22. The human rights situation in Belarus remained a matter of deep concern within the Committee of Ministers. In March, whilst condemning the bombing of the Minsk metro in April 2011 that caused the deaths and injuries of so many as an act of terrorism, the Committee was unanimous in adopting a statement deploring the execution of the two young men alleged to have carried out the attack. This followed a statement of the Committee in December 2011 which called for the sentences to be commuted. The Committee made clear that, in proceeding with these executions, the Belarusian authorities had ignored one of the basic values of the Council of Europe: the respect for human life. The establishment of closer relations with Belarus will only be possible if the Belarusian authorities demonstrate a clear will to respect the fundamental values of the Council of Europe.

23. In January 2012, partly in recognition of the need for pragmatic cooperation in areas that bring benefit to the Belarusian people, the Committee of Ministers invited Belarus to accede to the Council of Europe Convention on Action against Trafficking in Human Beings.

Russian Federation

24. In March, the Committee of Ministers approved a new cooperation programme between the Council of Europe and the Russian Federation for the Chechen Republic. This programme include training and awareness-raising activities on issues concerning the protection and promotion of human rights, countering threats to the rule of law and ensuring justice. A second component will focus on the promotion of democratic governance at the local level.

Ukraine

25. The Ministers’ Deputies have agreed on a number of occasions to discuss the situation in Ukraine during their regular dialogue with the Secretary General.

Georgia

26. In April 2012, the Secretary General produced his fifth consolidated report on the conflict in Georgia. The Ministers’ Deputies took note of the report on 9 May 2012.

Republic of Moldova

27. The Ministers’ Deputies adopted in February 2012 a new programme for confidence-building measures across the river Nistru, following a visit to the Council of Europe by Mr Eugen Carpov, Deputy Prime Minister of the Republic of Moldova.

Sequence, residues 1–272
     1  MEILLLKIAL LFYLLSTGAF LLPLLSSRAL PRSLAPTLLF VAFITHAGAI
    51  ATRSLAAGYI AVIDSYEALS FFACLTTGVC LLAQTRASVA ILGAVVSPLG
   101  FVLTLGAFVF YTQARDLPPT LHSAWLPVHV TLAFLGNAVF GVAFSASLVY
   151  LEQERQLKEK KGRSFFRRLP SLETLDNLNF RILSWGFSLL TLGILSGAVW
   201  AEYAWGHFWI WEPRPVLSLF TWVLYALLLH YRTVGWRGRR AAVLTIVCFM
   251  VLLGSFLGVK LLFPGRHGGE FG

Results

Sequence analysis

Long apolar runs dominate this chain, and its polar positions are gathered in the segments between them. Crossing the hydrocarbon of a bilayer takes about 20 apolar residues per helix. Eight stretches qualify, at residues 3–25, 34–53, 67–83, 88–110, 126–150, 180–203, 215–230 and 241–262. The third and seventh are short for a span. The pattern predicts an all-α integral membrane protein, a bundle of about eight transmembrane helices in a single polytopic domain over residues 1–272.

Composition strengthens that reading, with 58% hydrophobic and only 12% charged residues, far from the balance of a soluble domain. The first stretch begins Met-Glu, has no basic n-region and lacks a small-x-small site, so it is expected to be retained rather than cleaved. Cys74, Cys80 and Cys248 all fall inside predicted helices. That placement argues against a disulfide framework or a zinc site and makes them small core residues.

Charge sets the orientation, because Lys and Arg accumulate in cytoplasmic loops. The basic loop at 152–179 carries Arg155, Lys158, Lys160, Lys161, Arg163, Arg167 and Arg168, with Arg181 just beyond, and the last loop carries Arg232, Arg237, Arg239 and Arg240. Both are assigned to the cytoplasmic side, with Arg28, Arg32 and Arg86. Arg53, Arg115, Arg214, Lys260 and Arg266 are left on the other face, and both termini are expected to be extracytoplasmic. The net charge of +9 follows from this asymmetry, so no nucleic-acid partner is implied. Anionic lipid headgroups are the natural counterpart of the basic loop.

Bosnia and Herzegovina

28. The failure to implement the judgment of the European Court of Human Rights in the case of Sejdic and Finci was twice discussed by the Committee of Ministers in March. The Chairman of the Committee made a statement on 25 April, regretting that the Joint Interim Commission, which has been set up to present proposals for the constitutional and legislative amendments required by this judgment, had failed to make tangible progress in its work. The statement strongly urged the authorities of Bosnia and Herzegovina to take the necessary measures to execute this judgment without any further delay. The Ministers’ Deputies have agreed to come back to this matter at their forthcoming human rights meeting.

Armenia

29. The Ministers’ Deputies approved an action plan outlining the assistance the Council will provide to Armenia for the period 2012-2014. The action plan will help support Armenia in fulfilling its statutory obligations and its specific commitments within the Organisation. The priority areas of the plan include, amongst other areas, work to support free and fair elections.

Human rights issues

Council of Europe Commissioner for Human Rights

30. The United Kingdom Chairmanship welcomed the election of Mr Nils Muižnieks as Commissioner for Human Rights.

Racial Discrimination

31. The Chairman of the Committee of Ministers issued a statement on the International Day for the Elimination of Racial Discrimination (21 March), affirming the Council of Europe’s opposition to intolerance and discrimination and the need to challenge those who threaten Council of Europe values.

Journalists

32. Of other human rights issues which have come to the Committee of Ministers, the more general question of freedom of expression and information and of the protection of journalists has been on the agenda. The relevant Steering Committee has been invited to examine possible initiatives to be taken within the framework of the Council of Europe to strengthen the protection of journalists and other media professionals, taking into account the work conducted by other international organisations, as well as to foster ethical journalism, and to report back in due course.

Human Rights Trust Fund

33. The United Kingdom is contributing over £250,000 to the Human Rights Trust Fund.

Death Penalty

34. The Committee of Ministers issued statements calling for death sentences in the US State of Georgia, as well as in Belarus, to be commuted and deploring executions in Japan and Belarus.